Beijing’s decision to spy on the U.S.-Australian wargames is a sign the Chinese Communist Party (CCP) is keeping an “eye” on Australia and its democratic allies, according to experts.
The comments follow recent reports that two Chinese spy ships were headed towards the Australian coast to monitor Talisman Sabre, the largest biennial training exercise between the Australian Defence Force (ADF) and the United States military.
“The message Beijing is sending, particularly to Australians, is that we’ve got eyes on you and are watching very closely. I think for a nation of Australia’s size, it’s a little destabilising,” Joseph Siracusa, adjunct professor of the history of international diplomacy at Curtin University, said.
“Keep in mind right now, they (Australian ministers) can’t get anywhere in China, or have any minister pick up the phone,” he told The Epoch Times. “The fact that (the CCP) is sending military ships to gather information and attract attention. I mean, there’s a bit of an irony here, you know, China isn’t paying attention to Australia politically, but militarily it’s paying a great deal of attention.”
On July 18, Beijing dispatched a second surveillance vessel—Haiwangxing, also known as Neptune—to the coast of Queensland to observe Talisman Sabre.
It follows the arrival of Tianwangxing, or Uranus, on July 16, where it stationed itself inside Australia’s Exclusive Economic Zone. There it can legally remain unless it engages in fishing activities.
Chinese spy ships have been present at previous iterations of Talisman Sabre in 2017 and 2019. However, the arrival of a second vessel caught the Australian Defence Minister Peter Dutton by surprise.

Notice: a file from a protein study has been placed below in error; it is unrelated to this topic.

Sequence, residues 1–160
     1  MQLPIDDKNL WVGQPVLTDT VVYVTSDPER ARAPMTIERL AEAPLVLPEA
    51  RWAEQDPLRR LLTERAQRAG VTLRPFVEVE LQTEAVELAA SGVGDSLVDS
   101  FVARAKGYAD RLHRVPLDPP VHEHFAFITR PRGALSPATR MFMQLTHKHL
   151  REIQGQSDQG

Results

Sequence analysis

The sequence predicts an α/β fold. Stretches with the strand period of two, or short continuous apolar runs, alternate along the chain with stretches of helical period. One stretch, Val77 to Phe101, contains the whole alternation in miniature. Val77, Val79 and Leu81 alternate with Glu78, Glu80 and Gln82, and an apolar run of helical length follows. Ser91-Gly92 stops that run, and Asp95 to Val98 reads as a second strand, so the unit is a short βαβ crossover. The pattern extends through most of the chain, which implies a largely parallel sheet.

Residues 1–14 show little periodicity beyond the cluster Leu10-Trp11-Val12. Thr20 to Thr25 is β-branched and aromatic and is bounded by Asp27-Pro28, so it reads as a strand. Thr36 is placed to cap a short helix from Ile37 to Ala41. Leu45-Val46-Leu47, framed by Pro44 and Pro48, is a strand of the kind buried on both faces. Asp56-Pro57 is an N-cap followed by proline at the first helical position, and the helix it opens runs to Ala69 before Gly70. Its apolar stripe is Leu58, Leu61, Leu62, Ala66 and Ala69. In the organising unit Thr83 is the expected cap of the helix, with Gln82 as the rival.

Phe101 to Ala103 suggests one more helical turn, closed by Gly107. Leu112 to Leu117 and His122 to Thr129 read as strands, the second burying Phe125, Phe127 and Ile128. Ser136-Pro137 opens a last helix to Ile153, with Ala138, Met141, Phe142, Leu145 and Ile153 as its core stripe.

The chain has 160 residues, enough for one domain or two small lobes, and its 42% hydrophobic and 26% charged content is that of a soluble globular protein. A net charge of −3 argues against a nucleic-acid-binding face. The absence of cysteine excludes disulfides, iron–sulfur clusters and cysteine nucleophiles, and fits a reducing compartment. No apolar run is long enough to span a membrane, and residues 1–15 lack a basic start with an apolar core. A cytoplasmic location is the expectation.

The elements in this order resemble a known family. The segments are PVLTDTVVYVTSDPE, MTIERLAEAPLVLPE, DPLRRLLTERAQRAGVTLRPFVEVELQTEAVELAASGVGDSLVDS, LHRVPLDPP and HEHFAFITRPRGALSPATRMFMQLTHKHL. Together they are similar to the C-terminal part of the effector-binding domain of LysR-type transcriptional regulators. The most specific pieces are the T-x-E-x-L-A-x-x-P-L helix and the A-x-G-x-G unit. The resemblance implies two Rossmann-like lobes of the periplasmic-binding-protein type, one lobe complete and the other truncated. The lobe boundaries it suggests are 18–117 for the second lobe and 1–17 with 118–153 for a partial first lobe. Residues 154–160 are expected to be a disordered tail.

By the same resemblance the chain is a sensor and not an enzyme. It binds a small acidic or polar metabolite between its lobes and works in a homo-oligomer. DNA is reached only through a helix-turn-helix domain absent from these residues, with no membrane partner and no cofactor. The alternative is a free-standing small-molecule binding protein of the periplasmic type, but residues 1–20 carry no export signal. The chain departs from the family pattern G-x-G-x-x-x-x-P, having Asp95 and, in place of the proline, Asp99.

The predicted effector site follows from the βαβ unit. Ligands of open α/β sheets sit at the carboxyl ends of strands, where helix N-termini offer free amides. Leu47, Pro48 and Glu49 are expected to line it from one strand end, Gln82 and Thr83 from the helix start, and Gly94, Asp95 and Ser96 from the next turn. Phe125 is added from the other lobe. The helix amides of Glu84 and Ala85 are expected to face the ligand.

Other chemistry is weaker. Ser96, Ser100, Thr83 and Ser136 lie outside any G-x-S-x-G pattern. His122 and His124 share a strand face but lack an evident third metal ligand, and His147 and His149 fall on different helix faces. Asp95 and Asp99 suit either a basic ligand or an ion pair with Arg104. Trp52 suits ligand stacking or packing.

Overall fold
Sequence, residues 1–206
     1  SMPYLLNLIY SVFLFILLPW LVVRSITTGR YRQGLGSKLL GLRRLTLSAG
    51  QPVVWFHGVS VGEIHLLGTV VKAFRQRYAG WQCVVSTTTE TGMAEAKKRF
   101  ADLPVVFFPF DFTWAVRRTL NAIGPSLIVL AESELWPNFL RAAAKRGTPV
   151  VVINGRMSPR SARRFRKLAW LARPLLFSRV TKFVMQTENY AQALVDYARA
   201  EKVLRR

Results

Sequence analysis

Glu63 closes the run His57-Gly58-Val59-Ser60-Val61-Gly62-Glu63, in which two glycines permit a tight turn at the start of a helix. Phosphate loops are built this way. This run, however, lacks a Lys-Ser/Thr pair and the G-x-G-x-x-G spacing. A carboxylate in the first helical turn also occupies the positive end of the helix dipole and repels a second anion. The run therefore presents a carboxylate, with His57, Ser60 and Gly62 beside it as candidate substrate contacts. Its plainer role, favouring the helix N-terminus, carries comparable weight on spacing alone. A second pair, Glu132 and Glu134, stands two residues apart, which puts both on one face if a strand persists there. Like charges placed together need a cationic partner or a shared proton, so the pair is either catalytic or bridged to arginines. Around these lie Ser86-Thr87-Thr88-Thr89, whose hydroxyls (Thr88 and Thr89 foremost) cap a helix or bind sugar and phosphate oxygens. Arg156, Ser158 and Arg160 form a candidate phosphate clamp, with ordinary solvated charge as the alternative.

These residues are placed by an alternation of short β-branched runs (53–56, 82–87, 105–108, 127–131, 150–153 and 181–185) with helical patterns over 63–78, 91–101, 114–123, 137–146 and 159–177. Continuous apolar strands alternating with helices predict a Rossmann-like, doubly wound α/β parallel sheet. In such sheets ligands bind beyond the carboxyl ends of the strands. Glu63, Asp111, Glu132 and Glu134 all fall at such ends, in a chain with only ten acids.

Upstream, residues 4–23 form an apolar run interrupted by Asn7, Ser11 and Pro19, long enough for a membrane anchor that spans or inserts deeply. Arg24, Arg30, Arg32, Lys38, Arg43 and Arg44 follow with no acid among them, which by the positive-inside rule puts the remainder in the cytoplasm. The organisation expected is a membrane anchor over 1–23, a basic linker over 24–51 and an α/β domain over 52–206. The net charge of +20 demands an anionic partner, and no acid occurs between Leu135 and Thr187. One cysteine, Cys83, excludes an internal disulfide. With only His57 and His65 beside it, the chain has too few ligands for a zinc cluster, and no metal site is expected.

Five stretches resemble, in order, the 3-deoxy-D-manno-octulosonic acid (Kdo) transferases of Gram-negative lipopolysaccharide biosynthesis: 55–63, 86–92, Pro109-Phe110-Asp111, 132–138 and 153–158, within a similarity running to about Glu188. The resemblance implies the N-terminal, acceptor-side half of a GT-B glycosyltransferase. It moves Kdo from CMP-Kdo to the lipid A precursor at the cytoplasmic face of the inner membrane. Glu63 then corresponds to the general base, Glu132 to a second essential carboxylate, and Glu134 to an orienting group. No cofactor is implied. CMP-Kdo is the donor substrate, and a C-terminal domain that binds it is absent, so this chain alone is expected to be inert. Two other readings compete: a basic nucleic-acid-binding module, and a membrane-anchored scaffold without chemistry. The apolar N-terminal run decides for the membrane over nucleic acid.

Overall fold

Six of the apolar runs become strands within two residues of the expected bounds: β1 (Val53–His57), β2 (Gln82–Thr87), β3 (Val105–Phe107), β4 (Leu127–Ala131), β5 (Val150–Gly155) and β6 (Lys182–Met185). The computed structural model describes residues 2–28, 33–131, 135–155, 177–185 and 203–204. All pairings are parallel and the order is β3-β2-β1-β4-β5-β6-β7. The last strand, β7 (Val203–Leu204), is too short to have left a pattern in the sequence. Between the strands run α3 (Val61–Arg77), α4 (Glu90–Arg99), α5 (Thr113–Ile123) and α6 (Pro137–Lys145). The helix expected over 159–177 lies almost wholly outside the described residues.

“We are surprised there are two vessels, but obviously, the Chinese have made a decision to have a greater presence,” he told reporters on July 19. “We would expect them to operate and conduct themselves within the rules of international law.”
Both ships are fitted with advanced electronic sensors that can intercept and record U.S. and Australian communications for analysis.
Alexey Muraviev, head of the Department of Social Sciences and Security Studies at Curtin University, said the Chinese had an interest in the military hardware and tactics on display during the wargames.
“The Chinese have been showing continuous interest in monitoring Australia’s military activity, especially our joint operations or exercise activities with our allies,” he told The Epoch Times. “The exercises reveal inside information on tactics, weapons performance, our approach to joint planning and operations.”
“You can do a comparative analysis to what’s happening around Russia in the Black Sea region, for example, where you see increased exercise activity on the one hand, and increased surveillance and intelligence gathering activities on the other,” he said.
Meanwhile, Siracusa warned that the possibilities of a miscalculation or major incident increased with the presence of Chinese ships.
“Something small and preventable will not be preventable at the end of the day because of this lack of communication, I think something small could be big,” he said. “The fact that you have enemy warships in coastal waters near Australia tells you also that not only can the Chinese project power, but it could be a ship leading a flotilla of ships one day in the future.”
Talisman Sabre began in June and will run until mid-August. The wargames involve training in logistics, amphibious landings, ground force manoeuvres, urban operations, as well as air and maritime operations.
It also takes place across most of the state of Queensland and sees military personnel—from South Korea, Japan, Canada, and New Zealand—test out the latest technology and military hardware.